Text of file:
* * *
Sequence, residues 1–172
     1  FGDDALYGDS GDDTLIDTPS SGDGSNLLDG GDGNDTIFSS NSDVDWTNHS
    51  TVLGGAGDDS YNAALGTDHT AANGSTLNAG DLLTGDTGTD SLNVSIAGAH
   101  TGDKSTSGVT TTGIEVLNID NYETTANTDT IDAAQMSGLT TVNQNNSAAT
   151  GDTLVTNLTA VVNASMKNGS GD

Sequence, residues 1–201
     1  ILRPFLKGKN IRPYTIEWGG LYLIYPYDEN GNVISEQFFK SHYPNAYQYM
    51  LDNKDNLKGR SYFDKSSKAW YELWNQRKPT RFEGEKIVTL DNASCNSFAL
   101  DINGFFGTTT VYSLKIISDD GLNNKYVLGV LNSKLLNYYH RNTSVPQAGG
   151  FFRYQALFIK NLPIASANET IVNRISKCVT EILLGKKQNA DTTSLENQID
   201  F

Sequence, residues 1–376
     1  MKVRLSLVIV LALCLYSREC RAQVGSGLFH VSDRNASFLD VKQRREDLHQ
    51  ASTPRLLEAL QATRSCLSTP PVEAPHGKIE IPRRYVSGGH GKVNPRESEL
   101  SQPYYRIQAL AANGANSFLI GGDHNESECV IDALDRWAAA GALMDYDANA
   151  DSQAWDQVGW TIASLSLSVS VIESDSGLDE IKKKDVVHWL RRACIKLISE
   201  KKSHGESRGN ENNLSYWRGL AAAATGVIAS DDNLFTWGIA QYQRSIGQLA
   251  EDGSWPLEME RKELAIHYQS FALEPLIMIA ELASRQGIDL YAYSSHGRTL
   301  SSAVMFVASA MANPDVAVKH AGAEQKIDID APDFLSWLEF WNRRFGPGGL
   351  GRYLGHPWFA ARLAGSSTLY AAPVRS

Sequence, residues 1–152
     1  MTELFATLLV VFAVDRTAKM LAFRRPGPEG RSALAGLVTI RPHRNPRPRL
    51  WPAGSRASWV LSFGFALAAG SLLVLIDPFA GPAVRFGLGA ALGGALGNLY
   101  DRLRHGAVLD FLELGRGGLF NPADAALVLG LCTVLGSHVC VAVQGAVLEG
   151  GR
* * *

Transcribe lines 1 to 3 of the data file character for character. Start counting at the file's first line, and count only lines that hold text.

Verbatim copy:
Sequence, residues 1–172
     1  FGDDALYGDS GDDTLIDTPS SGDGSNLLDG GDGNDTIFSS NSDVDWTNHS
    51  TVLGGAGDDS YNAALGTDHT AANGSTLNAG DLLTGDTGTD SLNVSIAGAH